That said the choice does not matter -- it might be worth just grabbing a copy of The Little Schemer and just picking any Scheme impl you can find. Anything beyond the basics will either be specialized to some particular impl or will be abstract enough that you can take it to any Lisp.
The Lisp Game Jam has begun! 60 registered participants! This is a 10 day jam so still plenty of time to join in if you want! https://itch.io/jam/spring-lisp-game-jam-2023 #lisp #scheme #gamejam #gamedev #lispgamejam
The Lisp Game Jam starts on Friday! Would be real cool if we got 50+ parenthetical jammers! At 49 now, just need one more. https://itch.io/jam/spring-lisp-game-jam-2023 #lisp #scheme #gamejam #gamedev
Yeah, I suppose if the thread library is something like the CHICKEN #Scheme implementation of SRFI-18 that’s different, because it operates in just one processor thread. At least if it takes care of things like processor pauses for you. But using multiple processor threads? You have to be kidding me? :)
Preparing the last stream in the series related to scheme static sites generators:
great lecture on first-class continuations from Kristopher Micinski
@daviwil @PaniczGodek but in all fairness, I think interest in Scheme has been growing due to #Unison's adoption of Chez for their primary backend and 470x performance increase they saw as an immediate result.
The average person seems to think that scheme is a slow toy language for learning how to implement programming languages, which is just incredibly wrong as demonstrated by projects like #idris, #guix, #goblins and countless others. #scheme is C among functional languages.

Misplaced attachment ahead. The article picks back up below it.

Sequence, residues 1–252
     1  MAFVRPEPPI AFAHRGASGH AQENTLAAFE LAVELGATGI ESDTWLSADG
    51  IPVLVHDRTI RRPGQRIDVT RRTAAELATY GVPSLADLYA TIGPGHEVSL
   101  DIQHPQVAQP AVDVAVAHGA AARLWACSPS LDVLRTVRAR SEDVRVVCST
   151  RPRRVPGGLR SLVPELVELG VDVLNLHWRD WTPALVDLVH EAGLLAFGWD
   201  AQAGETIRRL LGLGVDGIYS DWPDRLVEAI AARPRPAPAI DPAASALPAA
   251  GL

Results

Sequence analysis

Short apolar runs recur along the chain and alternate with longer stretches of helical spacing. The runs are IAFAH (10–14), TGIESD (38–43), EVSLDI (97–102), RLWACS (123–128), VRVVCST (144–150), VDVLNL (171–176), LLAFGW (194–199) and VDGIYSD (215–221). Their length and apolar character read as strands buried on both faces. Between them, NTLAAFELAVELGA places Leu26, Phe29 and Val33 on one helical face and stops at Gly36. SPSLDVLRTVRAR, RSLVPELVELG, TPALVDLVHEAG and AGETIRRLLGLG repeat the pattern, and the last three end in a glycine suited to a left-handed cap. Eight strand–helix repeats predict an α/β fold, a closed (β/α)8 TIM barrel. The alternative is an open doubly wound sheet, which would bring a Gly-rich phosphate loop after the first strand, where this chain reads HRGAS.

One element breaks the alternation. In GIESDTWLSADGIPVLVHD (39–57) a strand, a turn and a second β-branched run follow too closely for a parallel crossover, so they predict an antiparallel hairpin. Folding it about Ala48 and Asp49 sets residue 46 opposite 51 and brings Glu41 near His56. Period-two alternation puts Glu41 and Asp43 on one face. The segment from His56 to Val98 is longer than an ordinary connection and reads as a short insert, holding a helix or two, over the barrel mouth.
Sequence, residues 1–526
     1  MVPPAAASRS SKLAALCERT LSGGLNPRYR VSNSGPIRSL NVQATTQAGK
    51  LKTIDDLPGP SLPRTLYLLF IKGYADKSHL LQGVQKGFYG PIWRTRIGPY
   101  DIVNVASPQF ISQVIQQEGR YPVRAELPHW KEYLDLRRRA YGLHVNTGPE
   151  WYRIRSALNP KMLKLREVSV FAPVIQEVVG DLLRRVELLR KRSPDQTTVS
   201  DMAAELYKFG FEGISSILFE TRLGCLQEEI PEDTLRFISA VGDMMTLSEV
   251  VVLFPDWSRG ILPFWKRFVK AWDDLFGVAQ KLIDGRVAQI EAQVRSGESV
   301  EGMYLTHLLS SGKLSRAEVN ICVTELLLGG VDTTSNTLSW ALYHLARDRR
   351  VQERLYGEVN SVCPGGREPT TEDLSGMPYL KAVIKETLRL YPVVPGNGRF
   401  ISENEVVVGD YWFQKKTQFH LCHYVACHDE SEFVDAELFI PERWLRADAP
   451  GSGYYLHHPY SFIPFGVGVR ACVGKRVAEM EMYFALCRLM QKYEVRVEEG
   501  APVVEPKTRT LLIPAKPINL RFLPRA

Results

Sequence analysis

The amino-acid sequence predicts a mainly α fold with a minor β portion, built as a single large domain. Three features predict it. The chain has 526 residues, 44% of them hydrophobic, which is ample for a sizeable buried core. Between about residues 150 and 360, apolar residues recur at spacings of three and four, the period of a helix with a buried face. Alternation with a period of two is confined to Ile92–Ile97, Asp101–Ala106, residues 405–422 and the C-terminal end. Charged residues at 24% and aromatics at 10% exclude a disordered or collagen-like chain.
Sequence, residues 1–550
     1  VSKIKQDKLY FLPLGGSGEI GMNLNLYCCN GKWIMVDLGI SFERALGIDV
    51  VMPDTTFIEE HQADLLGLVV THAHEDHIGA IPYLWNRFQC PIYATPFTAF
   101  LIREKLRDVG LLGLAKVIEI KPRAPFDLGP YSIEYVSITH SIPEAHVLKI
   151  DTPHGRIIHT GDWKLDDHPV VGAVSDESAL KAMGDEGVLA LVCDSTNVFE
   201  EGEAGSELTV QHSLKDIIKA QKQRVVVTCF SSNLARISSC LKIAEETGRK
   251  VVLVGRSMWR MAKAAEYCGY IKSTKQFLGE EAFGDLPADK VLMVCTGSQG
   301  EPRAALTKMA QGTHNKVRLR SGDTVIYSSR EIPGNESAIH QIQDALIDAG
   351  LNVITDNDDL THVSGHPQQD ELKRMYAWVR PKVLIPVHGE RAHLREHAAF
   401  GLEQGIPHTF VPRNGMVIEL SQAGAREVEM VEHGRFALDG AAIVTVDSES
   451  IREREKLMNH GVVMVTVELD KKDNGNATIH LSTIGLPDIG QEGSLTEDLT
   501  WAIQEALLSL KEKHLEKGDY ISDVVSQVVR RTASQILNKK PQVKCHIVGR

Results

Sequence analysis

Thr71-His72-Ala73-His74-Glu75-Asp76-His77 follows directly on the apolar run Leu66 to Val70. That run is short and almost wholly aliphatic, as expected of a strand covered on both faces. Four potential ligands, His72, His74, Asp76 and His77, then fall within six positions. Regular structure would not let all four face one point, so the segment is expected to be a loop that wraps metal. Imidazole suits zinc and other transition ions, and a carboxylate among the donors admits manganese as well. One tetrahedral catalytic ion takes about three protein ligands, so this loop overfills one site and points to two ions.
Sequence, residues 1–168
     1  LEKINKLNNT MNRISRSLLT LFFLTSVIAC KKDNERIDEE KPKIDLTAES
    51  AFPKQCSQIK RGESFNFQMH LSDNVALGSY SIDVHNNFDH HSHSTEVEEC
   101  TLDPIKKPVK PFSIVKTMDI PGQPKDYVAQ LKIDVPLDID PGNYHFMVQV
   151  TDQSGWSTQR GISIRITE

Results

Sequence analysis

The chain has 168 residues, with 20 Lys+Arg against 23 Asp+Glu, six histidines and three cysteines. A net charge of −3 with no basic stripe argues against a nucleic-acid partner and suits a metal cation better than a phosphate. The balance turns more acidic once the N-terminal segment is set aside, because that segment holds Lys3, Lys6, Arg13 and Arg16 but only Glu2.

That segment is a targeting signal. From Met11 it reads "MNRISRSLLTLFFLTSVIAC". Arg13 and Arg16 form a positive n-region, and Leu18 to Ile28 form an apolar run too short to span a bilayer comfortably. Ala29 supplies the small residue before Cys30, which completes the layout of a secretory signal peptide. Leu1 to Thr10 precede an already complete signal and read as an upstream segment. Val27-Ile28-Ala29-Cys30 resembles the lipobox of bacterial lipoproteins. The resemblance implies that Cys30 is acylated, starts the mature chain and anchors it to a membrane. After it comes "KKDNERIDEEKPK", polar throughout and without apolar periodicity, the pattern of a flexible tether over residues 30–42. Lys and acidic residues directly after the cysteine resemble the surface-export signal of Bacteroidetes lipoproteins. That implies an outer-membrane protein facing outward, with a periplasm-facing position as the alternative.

Me on the fediverse
The SICP-inspired book "Software Design for Flexibility: How to Avoid Programming Yourself into a Corner" seems interesting but abstract.
Do the software design techniques it presents have practical applicability and value in ordinary programming? Have you read the book? What do you think?
We are now 2 weeks away from the next Lisp Game Jam! If you've ever typed a parenthesis (open, close, or both) and thought "ooh, that felt good!" then join up here: https://itch.io/jam/spring-lisp-game-jam-2023 #lisp #scheme #gamedev #gamejam
Today I'm spending some time writing up an outline for a new guide and video series about Guile Scheme!
The goal is to teach anyone (even programming beginners, if possible) how to use Scheme as a language for building personal tools (scripts, etc) and managing their system via Guix. Guix itself won't be covered in depth, but the features of the language used commonly in Guix will be!
What would you like to see covered in such a series?
Cue quarterly #Haskell community meltdown
To be fair, I think Haskell will continue to fill the niche it filled ~10 years ago, around the time it started to get mainstream hype. Small teams of skilled devs delivering robust products that would normally require much larger teams to maintain will continue to prevail. Purely functional lazy programming was never bound for world domination in an economy which is antagnostic to curiosity, creativity and truths.
On the other hand, I have the feeling that we're going to see more and more Haskellers-turned-Rustaceans come to realize that #Rust does little to alleviate the primary barrier to Haskell's wider success -- fast and predictable turnaround time for projects developing cutting-edge technologies -- and will wind up going the same route as some major Haskell projects such as #Unison and #Idris have in recent years, which is to try #Chez Scheme, only to discover that it allows them to release blazing fast functional programs on a generic foundation where major breaking changes are practically non-existent, providing incredible flexibility while significantly reducing dependencies by dint of the ad-hoc tooling that falls out of the bottom of #scheme. Not to mention the joys that come from near-instant startup times, some of the fastest compile time you've ever encountered, fully-customizable interactive development and a surgical #debugger that rivals Haskell in scheer fun. Yesterdays naysayers will become tomorrow's enthusiastic bootstrappers. Or a at least a boy can dream.